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Tessa Hadley has the natural bent of a short-story writer, given to careful description and the kind of feinted closure that pushes uncomfortably past happily ever after. If her new novel, The Past, reads like a long short story, that’s not a bad thing. The Crane siblings and their progeny have gathered at their grandparents’ English country home to decide whether to sell it. As the three sisters and brother work through their ties to the house, they also take stock of one another and the twists life has handed them.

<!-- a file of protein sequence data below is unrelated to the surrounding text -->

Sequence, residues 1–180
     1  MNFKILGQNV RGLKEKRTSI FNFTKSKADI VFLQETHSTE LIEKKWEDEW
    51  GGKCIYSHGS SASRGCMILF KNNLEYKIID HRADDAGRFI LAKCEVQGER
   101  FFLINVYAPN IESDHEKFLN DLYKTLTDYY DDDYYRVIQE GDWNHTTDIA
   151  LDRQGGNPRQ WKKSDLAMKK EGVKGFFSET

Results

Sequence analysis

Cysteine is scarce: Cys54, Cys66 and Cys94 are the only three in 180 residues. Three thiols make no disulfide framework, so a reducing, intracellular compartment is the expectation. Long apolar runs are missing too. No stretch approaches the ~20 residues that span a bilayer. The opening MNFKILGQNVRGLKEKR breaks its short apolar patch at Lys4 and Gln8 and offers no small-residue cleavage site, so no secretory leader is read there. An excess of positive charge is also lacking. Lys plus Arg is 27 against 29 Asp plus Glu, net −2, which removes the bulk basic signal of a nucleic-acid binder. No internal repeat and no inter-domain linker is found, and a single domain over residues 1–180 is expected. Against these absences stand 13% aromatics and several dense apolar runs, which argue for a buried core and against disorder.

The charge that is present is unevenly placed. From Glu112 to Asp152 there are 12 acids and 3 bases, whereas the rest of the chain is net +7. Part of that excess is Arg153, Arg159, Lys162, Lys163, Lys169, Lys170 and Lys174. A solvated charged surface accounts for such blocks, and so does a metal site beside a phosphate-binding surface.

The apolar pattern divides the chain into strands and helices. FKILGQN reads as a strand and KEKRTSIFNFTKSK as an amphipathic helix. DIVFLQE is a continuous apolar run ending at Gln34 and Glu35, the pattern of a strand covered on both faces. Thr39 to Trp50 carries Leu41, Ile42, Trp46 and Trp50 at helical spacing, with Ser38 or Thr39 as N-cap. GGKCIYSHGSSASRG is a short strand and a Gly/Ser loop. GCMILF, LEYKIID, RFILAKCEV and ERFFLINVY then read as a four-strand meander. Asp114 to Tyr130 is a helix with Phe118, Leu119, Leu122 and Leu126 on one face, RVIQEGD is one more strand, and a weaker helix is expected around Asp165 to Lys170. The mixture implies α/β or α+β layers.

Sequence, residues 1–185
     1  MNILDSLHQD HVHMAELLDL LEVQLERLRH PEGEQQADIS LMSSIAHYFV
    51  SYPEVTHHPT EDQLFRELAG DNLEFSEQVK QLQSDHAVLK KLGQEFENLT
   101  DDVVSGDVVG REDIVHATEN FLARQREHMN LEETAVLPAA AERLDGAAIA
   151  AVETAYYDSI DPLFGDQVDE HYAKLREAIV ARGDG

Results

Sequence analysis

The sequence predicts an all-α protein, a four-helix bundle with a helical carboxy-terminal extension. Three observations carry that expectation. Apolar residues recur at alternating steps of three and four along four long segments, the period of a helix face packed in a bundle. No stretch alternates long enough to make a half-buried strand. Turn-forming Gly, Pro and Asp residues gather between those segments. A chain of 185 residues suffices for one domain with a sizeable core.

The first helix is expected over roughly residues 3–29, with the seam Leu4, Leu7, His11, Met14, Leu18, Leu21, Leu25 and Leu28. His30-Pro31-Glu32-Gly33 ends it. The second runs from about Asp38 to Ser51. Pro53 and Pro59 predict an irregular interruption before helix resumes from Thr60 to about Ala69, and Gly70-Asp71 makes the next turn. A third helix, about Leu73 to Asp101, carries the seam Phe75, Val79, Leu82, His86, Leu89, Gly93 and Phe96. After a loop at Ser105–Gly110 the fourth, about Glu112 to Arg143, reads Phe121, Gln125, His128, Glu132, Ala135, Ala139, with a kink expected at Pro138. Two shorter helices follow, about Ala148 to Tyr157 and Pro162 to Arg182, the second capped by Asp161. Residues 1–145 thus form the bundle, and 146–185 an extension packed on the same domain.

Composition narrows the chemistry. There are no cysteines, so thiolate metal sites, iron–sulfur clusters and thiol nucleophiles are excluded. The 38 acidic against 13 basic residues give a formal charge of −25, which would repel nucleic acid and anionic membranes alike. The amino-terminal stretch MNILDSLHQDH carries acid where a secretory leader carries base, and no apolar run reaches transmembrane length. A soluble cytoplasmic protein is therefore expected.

Commingling with their past selves and the memory of their mother, the siblings seem to stagnate in time, the soporific effect of the countryside but also of nostalgia. Hadley builds to a dramatic climax by Michael Bay standards–crash, bang–but it’s a red herring. The events that alter our existence, her novel says, happen not with a quake but with a shiver: an errant embrace, a chance meeting, the feel of cancerous tissue under the skin. With each discovery, in an instant, the present outweighs the past.

This appears in the January 18, 2016 issue of TIME.

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